Sport: a scientific experiment?
Journal article, Peer reviewed
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Original versionSport in Society. 2018, 22, 1501-1511 10.1080/17430437.2018.1435003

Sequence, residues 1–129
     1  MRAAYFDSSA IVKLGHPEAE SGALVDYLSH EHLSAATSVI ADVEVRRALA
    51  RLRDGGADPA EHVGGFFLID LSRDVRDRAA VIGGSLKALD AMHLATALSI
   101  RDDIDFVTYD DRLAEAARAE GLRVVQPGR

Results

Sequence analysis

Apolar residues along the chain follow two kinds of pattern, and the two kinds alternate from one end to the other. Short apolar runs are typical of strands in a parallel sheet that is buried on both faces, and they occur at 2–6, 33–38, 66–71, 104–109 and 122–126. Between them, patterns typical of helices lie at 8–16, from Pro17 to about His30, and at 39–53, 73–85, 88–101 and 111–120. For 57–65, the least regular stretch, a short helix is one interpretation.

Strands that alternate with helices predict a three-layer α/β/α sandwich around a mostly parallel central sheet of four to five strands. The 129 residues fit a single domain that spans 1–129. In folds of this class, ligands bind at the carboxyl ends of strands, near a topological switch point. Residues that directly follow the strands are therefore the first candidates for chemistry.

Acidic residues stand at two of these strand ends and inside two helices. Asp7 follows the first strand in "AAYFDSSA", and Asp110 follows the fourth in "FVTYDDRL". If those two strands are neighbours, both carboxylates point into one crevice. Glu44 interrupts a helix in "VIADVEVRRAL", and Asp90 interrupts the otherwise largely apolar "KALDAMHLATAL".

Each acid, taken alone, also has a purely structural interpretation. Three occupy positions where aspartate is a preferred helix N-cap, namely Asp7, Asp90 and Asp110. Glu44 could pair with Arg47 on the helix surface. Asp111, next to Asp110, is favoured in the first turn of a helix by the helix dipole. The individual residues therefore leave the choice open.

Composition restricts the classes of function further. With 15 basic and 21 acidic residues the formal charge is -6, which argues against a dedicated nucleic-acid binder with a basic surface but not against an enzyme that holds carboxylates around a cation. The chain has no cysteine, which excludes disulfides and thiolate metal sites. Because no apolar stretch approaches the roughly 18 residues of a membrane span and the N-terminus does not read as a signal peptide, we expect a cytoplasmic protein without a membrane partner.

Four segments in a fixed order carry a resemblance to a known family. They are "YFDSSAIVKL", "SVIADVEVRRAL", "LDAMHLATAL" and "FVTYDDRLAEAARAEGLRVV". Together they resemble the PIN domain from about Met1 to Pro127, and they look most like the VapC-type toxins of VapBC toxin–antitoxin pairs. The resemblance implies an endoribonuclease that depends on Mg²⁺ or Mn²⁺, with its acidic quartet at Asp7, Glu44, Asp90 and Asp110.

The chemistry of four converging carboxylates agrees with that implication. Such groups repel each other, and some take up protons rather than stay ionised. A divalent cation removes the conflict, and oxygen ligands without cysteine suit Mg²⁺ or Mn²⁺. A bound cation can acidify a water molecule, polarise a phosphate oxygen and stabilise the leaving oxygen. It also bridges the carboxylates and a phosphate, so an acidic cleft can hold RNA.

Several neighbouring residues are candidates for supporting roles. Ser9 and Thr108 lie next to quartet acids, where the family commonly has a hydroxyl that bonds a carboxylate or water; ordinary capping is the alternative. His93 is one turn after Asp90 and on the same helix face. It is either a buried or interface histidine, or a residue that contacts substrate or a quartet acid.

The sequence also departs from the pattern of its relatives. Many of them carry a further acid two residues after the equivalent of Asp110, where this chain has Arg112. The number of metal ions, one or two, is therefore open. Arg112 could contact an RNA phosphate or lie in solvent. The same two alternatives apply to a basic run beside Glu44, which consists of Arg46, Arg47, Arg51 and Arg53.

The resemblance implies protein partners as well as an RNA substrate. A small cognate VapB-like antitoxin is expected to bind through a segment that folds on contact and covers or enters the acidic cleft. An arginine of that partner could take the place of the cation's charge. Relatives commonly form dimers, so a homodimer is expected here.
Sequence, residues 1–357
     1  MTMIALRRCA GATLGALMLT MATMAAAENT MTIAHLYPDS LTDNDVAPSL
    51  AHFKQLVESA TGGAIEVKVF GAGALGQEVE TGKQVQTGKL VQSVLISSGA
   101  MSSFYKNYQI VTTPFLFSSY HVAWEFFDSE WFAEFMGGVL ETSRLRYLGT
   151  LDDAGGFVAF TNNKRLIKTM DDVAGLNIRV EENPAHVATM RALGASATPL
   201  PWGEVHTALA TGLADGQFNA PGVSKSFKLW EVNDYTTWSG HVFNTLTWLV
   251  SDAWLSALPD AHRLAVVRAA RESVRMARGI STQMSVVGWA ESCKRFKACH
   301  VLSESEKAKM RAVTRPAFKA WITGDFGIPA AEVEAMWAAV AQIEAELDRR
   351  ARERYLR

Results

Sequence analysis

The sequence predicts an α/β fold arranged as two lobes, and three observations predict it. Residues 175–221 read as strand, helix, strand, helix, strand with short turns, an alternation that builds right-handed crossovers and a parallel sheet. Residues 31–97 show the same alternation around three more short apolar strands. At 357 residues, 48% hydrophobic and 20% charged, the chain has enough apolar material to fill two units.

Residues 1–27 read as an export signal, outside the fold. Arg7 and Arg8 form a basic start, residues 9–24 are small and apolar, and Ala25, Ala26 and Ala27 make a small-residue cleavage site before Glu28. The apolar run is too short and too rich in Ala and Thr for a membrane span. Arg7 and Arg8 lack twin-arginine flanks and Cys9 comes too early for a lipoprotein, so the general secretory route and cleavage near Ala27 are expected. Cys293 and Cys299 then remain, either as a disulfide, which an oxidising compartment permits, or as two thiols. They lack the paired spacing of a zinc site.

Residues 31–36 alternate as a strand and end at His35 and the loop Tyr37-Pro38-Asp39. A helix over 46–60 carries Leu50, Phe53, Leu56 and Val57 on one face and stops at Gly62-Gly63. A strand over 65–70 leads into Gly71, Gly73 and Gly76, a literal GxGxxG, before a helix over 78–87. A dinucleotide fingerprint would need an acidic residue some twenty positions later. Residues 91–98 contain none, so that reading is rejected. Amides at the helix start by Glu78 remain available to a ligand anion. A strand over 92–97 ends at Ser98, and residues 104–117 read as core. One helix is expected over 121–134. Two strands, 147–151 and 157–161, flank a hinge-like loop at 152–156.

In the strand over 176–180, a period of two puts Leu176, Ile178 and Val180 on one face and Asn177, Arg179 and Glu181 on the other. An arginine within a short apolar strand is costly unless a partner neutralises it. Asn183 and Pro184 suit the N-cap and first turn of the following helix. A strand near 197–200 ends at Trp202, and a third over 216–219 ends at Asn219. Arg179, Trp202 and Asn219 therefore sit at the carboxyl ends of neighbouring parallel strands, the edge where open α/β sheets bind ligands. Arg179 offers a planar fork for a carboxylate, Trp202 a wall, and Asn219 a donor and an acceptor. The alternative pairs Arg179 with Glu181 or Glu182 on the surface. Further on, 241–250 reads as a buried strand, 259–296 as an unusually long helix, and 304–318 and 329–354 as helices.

Science plays an increasingly important role in sport. Innovative high-tech equipment and research-based exercise regimes are vivid examples. In more subtle forms, scientific ways of thinking impact how sport is understood and practiced. I examine the possibilities and limits of scientific rationality in the set-up of competitive sport. Standard requirements on reliability and validity make sense when it comes to the quest for equal opportunity, and for fair and impartial evaluation of performance. However, whereas the instrumental aim of science is ‘certified’ knowledge, I argue that sport has primary meaning and value in itself. In further analysis of the normative structure of sport, an alternative ludic rationality emerges with elements of merit, chance and luck. I argue that sport is structured to cultivate not only athletic but human excellence. I conclude that upholding ludic rationality, operationalized in norms for fair play, is crucial for realizing sport’s characteristic values.
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